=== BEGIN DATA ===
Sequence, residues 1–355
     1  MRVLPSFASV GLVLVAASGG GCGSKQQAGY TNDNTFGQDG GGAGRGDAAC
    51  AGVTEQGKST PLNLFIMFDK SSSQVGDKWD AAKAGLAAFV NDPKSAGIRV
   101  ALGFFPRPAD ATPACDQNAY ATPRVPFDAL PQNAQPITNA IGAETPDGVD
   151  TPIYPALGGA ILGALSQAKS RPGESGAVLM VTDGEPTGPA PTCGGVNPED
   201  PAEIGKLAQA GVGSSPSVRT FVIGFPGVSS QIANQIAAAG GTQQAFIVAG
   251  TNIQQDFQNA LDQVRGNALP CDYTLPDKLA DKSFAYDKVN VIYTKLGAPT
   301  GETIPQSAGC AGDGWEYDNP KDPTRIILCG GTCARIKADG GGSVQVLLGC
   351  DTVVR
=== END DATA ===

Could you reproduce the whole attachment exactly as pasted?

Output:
Sequence, residues 1–355
     1  MRVLPSFASV GLVLVAASGG GCGSKQQAGY TNDNTFGQDG GGAGRGDAAC
    51  AGVTEQGKST PLNLFIMFDK SSSQVGDKWD AAKAGLAAFV NDPKSAGIRV
   101  ALGFFPRPAD ATPACDQNAY ATPRVPFDAL PQNAQPITNA IGAETPDGVD
   151  TPIYPALGGA ILGALSQAKS RPGESGAVLM VTDGEPTGPA PTCGGVNPED
   201  PAEIGKLAQA GVGSSPSVRT FVIGFPGVSS QIANQIAAAG GTQQAFIVAG
   251  TNIQQDFQNA LDQVRGNALP CDYTLPDKLA DKSFAYDKVN VIYTKLGAPT
   301  GETIPQSAGC AGDGWEYDNP KDPTRIILCG GTCARIKADG GGSVQVLLGC
   351  DTVVR